Plastics Technology

SEP 2018

Plastics Technology - Dedicated to improving Plastics Processing.

Issue link:

Contents of this Issue


Page 41 of 91

EXTRUSION Head pressure never seems to be a big concern of extrusion pro- cessors, while melt temperature is something that always worries them. But they are closely connected. The melt temperature at open discharge is a function of the extruder alone; it is controlled by the screw design, screw speed, L/D ratio, polymer properties, condition of screw and barrel, and effi- ciency of barrel heating/cooling. That becomes a baseline temperature that can be altered only with changes in one or more of those extruder variables. When head pressure is applied to the end of the extruder, the melt temperature rises non-linearly from the baseline with increasing pressure. That's due to a cascading effect of the pressure flow—output from the screw is reduced as the head pressure increases. As the screw continues to rotate with reduced output, the energy via shear stress going into the polymer is increasing. The increasing energy input results in an increase in the melt temperature and a decrease in the viscosity of the polymer, further increasing the pressure flow and further decreasing the output. So, melt temperature is connected to head pressure and results in reduced output, greater power requirement, more downstream cooling, and maybe even degradation of the polymer properties. This results in greater manufacturing cost How to Estimate and Control Head Pressure and needlessly compromises the performance of whole systems when it is easily diagnosed and corrected. A melt pump can correct much of this effect by allowing a head pressure that is usually much lower than the full head pressure. However, many processes cannot tolerate use of a melt pump due to the incorporation of fillers and the possibilities of polymer degradation and contamination. In those applications, the downstream tooling design is important to the performance and profitability of the line. Unfortunately, there is often no consider- ation of the effects of head pressure in the selection of the down- stream components and its effect on the overall process. Head pressure can be accurately estimated and controlled by proper design. This involves mostly simple things, such as limiting the length of adapters and flow pipes, proper sizing of the screen changer, die designs specific to the polymer proper- ties, proper sizing of all the flow channels for the expected output, and proper heating of the downstream components. The simplest forms of flow channels are the circle, slit and annulus. There are simple approximations for calculating each of these basic shapes. By using basic Newtonian formulas for each shape, you can illustrate the principles and get a good estimate of the head pressure (see accom- panying table and Fig. 1). Using Newtonian equations requires determinating the viscosity from shear-rate/viscosity curves for that polymer at the appropriate temperature. Newtonian analysis neglects some viscoelastic effects—like viscous heating at the wall and entrance effects as the flow shapes change. The shear rate must be calculated and then applied to the shear-rate/viscosity curves at the processing temperature to obtain the correct Head pressure further increases the melt temperature from the extruder baseline. You rightfully worry about melt temperature, but don't overlook head pressure, because the two are closely linked and will influence line performance. By Jim Frankland For a round orifice, the pressure is increased by eight times the passage length but decreases by the fourth power of the radius. For a slit orifice and an annular passage, the pressure is increased by 12 times the length and reduced by the first power of the width and the third power of the height or difference in the radii. R H Ro Ri W Round Slit Annulus FIG 1 40 SEPTEMBER 2018 Plastics Technology K now How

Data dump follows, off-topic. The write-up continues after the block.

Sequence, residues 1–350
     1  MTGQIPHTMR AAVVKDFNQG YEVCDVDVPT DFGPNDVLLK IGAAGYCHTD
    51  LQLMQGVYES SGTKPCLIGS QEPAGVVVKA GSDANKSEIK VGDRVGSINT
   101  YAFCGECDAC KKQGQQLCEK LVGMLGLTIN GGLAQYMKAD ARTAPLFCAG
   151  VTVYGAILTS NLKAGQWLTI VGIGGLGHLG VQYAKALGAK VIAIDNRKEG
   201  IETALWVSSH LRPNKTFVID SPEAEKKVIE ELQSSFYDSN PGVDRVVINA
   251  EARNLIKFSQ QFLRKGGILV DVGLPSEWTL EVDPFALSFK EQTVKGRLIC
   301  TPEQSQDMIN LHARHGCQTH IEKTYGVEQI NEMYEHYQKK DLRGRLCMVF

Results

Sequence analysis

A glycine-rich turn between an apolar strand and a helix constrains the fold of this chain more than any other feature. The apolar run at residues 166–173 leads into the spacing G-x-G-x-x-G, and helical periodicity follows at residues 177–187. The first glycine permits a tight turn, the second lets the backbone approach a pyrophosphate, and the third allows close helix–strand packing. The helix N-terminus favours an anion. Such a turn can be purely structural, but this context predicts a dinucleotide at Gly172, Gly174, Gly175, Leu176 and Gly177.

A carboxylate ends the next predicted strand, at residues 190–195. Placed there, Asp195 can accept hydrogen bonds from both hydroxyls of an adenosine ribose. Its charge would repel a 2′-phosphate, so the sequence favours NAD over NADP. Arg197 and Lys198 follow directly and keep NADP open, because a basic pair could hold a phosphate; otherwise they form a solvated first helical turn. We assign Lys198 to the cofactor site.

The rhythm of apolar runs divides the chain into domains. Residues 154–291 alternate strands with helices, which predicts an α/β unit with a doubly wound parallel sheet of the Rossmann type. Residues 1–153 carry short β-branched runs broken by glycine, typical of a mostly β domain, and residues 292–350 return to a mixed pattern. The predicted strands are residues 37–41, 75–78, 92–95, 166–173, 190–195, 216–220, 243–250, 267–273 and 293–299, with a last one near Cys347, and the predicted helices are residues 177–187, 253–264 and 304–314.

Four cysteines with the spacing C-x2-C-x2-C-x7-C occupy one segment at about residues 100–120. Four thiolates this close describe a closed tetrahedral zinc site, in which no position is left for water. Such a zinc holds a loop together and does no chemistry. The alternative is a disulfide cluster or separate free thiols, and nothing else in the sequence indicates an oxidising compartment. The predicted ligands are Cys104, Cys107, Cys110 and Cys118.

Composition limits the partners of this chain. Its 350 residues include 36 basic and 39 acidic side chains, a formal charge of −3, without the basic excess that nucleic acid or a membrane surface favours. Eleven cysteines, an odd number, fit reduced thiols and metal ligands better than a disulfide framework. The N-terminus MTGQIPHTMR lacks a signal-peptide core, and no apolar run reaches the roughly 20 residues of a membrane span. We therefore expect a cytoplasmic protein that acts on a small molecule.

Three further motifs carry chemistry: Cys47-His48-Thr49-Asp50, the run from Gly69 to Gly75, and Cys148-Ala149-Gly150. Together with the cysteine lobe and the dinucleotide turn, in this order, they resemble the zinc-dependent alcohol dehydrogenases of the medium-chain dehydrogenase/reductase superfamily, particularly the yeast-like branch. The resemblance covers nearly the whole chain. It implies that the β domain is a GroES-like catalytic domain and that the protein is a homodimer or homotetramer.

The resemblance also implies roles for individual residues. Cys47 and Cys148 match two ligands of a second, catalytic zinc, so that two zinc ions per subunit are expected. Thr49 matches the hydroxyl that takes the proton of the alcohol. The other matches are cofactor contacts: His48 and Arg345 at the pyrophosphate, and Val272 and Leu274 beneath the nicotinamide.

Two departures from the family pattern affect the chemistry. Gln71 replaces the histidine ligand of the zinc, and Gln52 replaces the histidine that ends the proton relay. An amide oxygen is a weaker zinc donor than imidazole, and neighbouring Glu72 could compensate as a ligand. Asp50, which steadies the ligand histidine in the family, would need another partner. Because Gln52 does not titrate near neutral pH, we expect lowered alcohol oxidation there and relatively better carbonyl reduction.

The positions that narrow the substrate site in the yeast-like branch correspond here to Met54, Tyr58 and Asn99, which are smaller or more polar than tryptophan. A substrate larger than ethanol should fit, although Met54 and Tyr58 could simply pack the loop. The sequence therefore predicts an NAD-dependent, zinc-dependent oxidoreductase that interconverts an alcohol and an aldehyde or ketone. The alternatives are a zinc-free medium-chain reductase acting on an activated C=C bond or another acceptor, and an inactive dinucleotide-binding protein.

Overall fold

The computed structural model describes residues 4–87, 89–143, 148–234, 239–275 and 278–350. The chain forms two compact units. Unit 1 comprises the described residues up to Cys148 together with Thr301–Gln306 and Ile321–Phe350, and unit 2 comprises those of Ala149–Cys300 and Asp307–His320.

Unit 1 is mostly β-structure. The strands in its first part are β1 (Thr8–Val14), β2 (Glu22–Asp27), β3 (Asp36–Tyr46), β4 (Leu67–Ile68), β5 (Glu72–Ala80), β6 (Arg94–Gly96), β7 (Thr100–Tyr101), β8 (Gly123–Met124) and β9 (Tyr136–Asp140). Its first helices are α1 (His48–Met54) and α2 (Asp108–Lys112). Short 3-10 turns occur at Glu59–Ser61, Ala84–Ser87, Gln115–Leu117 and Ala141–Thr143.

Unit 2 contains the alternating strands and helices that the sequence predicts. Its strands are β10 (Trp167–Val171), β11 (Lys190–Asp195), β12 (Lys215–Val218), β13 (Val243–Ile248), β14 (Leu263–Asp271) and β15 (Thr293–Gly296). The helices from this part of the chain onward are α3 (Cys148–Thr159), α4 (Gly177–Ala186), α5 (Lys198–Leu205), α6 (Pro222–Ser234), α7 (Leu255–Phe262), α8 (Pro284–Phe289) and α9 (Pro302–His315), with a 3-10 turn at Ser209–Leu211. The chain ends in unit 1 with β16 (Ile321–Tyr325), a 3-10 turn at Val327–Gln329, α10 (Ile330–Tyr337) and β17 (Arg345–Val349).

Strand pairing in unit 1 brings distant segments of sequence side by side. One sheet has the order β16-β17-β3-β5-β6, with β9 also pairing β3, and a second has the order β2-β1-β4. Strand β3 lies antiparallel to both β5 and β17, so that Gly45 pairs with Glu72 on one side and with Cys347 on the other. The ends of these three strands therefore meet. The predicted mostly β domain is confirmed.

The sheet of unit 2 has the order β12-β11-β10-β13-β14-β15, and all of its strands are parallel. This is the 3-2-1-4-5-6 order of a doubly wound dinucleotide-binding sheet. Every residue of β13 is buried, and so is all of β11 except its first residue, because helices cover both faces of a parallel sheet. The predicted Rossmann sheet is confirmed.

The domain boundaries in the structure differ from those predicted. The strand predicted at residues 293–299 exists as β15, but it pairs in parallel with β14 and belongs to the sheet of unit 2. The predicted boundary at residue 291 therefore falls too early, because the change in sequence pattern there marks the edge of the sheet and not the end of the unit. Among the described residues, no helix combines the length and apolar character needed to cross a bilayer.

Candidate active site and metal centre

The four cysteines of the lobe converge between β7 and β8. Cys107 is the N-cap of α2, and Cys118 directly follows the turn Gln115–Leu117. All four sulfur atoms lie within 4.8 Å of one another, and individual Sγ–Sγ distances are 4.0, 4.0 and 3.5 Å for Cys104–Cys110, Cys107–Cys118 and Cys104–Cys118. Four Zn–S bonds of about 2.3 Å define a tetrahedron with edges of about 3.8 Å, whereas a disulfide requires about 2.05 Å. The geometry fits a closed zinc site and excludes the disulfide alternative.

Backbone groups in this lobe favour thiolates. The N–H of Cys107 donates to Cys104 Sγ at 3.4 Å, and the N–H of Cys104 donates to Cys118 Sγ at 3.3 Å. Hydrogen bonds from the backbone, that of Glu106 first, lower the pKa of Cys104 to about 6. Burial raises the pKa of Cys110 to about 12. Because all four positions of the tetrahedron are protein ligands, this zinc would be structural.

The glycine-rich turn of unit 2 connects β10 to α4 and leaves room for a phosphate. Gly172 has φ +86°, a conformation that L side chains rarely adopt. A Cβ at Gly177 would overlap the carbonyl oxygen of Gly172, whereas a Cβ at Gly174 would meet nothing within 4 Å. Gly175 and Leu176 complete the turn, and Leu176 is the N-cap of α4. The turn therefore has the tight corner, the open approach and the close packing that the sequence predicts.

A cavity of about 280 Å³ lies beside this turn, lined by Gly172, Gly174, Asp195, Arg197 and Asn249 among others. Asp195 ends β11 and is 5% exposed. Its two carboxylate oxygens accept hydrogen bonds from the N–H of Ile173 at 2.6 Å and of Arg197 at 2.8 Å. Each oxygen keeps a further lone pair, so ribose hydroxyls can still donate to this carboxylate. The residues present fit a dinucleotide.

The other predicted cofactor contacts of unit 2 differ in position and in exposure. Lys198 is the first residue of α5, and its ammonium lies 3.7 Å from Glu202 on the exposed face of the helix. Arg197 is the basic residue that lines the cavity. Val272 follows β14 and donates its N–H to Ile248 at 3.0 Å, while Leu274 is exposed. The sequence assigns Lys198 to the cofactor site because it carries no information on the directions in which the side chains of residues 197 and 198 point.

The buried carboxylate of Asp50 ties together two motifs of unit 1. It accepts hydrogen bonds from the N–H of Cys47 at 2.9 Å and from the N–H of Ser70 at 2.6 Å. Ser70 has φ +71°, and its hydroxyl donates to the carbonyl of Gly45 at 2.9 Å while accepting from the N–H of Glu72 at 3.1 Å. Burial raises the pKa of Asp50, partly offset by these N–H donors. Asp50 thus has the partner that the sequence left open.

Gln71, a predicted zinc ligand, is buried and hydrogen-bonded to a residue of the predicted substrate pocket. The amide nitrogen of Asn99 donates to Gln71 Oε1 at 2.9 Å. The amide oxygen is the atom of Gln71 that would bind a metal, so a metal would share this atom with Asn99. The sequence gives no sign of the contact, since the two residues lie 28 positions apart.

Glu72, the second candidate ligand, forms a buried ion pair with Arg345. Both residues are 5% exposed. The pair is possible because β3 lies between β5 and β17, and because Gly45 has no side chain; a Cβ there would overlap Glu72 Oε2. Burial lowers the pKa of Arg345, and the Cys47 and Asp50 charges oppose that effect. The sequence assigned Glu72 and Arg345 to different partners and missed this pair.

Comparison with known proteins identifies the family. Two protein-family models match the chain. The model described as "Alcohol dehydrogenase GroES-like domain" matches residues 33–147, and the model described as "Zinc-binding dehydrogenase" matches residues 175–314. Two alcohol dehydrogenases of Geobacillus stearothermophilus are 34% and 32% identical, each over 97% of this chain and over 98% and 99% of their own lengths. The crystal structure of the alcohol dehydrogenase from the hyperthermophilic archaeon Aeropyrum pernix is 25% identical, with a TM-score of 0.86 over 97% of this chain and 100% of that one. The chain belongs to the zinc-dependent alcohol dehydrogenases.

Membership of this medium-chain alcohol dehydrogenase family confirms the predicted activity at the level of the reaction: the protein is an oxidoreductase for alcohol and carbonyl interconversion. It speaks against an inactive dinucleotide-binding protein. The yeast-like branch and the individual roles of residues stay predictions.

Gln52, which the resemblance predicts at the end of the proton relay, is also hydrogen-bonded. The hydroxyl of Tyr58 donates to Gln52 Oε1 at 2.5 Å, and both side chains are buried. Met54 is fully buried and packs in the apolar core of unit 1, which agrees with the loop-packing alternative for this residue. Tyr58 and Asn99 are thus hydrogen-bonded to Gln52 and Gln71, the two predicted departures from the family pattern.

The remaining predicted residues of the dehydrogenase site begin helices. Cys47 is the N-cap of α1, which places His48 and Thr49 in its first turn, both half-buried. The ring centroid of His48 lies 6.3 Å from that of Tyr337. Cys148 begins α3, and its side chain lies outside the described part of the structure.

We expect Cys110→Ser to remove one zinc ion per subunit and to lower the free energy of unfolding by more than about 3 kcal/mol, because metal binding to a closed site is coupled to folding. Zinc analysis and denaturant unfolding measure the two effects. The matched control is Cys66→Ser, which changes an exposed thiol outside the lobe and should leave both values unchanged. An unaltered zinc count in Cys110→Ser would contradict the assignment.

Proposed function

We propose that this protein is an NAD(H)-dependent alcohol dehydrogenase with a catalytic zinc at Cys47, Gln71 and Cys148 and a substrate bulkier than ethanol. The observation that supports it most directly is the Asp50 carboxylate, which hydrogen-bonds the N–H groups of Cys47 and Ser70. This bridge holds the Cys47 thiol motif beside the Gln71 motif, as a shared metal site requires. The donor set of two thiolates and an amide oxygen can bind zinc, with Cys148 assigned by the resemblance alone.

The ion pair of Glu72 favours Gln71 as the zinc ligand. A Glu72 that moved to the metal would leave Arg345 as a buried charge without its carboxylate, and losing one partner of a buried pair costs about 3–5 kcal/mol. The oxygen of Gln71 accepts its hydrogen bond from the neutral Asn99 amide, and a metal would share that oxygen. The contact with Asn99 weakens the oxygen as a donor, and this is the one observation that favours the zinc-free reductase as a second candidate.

Articles in this issue

Links on this page

Archives of this issue

view archives of Plastics Technology - SEP 2018